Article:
WASHINGTON — The General Assembly of the Jewish Federations of North America got underway in Washington on Sunday, Nov. 13, with Lord Rabbi Jonathan Sacks, the former chief rabbi of the United Kingdom, telling the 3,000 community activists and staff how the world has changed since he last addressed the G.A. in 2014.
“Since we last met, the world has gone mad,” he said. “The world is moving into a new and dangerous phase that I call the politics of anger.”
The politics of anger comes from fear, he said. Those gathered in the Washington Hilton ballroom must counter that fear with hope, which Sacks called “the greatest gift to humanity as a whole.”
Sacks mentioned the election of Donald Trump as president four days before, but in the gentlest way. He called the contest between Trump and Hillary Clinton “almost as acrimonious as a synagogue board meeting.”
The presidential election was the chief topic of the two-day G.A., the Jewish federation world’s annual convention where participants gather to re-energize their commitment to the Jewish community, network and hear from experts on Jewish issues. The election was the subject of numerous workshops and conversations throughout the convention hall.
To be sure, there were also the
standard breakout sessions on Israel; on the boycott, divestment and sanctions (BDS) movement; as well as on fundraising. There were showcases for local innovations, called FEDovations. People with disabilities and millennials were also session topics.
But the election was never far away. At an election postmortem on Sunday, Kenneth Weinstein, president and CEO of the Hudson Institute, explained why Trump’s win came as a surprise to so many Jews.
“Frankly, given the demographic makeup of the Jewish community, which skews toward highly educated, white collar worker at the upper end — we were completely out of touch with the base of voters out there in rural America,” he said.
On Monday, Nov. 14, U.S. Supreme Court Justice Ruth Bader Ginsburg was interviewed on stage by Washington attorney Kenneth Feinberg. Feinberg asked what effect Trump’s election will have on the Supreme Court, which is operating with eight justices with one seat vacant.
“President Trump will fill it, then perhaps Congress will do some work,” she said.
Ginsburg added that the eight-justice court is doing just fine. “I think it’s to the court’s credit that last term there were only three decisions that came down 4 to 4,” she said.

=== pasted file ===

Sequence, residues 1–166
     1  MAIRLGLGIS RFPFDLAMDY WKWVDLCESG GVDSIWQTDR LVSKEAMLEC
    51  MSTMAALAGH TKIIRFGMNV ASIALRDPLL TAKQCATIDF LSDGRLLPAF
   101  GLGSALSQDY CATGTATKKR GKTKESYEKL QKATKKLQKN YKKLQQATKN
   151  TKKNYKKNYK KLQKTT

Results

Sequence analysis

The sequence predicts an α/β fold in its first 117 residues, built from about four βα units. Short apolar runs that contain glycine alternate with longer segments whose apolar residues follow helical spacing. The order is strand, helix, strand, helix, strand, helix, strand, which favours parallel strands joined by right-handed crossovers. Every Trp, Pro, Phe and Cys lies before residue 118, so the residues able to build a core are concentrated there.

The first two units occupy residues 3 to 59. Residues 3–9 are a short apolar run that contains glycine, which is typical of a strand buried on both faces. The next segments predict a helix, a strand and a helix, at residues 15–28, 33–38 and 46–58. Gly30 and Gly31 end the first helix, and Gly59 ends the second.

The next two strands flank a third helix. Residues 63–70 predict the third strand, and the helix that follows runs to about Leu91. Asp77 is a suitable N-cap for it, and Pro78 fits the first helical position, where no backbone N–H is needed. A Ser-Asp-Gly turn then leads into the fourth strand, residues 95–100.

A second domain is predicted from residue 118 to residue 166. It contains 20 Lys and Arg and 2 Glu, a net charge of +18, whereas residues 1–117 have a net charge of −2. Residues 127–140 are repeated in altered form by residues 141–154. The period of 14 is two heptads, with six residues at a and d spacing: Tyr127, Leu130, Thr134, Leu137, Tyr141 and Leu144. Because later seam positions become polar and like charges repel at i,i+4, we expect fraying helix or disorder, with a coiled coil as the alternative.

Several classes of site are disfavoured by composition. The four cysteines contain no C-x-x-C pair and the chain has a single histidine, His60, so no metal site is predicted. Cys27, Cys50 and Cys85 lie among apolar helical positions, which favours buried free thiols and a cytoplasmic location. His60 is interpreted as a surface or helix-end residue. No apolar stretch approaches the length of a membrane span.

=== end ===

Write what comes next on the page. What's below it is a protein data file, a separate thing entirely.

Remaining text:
Monday began with news that Trump had appointed former Breitbart News chairman Steve Bannon to the position of chief strategist in his incoming administration. Bannon, with his connections to the white nationalist alt right movement, has been dogged by accusations that he is an anti-Semite. Bannon’s appointment was criticized by some Jewish groups. Anti-Defamation League CEO Jonathan Greenblatt called Bannon “hostile to core American values.”
Later that morning, White House Jewish liaison Chanan Weissman talked about how Jews can respond to anti-Semitic Tweets and other hate speech.
“One thing we need to do is speak out publicly whenever we can,” he told Times of Israel reporter Rebecca Shimoni-Stoil. “Whenever we see incidents like this it’s important that we speak out against it on the record.”
Weissman, who will leave his position in January, said it is imperative for his successor to continue to be a voice for the concerns of the Jewish community.
“We know what it means to be persecuted, therefore we need to fight against persecution,” he said.
One debriefing, a discussion among Jewish Republican operatives, demonstrated that Republicans, too, are still sorting out the election results.
Republican Jewish Coalition Executive Director Matt Brooks said he looks forward to sitting down with Bannon.
While having never met Bannon, Brooks brushed aside the accusations that have swirled around the Trump adviser. Everyone that Brooks knows who has worked for Bannon has said the man “does not have an anti-Semitic bone in his body,” Brooks said.
Panelist Noam Neusner, a speechwriter for President George W. Bush, said he is not optimistic about a Trump presidency.
“President-elect Trump has a lot to prove and he knows it,” Neusner said. “I have severe doubts, but he could prove me wrong.”
But Neusner, like others on the panel, believes that Trump will work with the Jewish community on issues that are important to them.
When moderator Jacob Kornbluh, a political reporter with Jewish Insider, asked panel members whether they would be willing to serve in the incoming administration if asked, there was a noticeable pause.
“A lot of these questions I find impossible to answer because this is a candidate we know nothing about,” answered Lisa Spies, who worked on Mitt Romney’s 2012 presidential campaign.
Tevi Troy, who served as White House Jewish liaison in the George W. Bush administration, said in an interview with Joshua Runyan, editor-in-chief of The Jewish Chronicle, that Jews would be wise to take a “wait and see” approach in their response to Trump’s election.
“I would tell the Jewish community to be wary of what they say in these early days,” he said.
George Altshuler, David Holzel, Justin Katz and Daniel Schere write for Mid-Atlantic Media.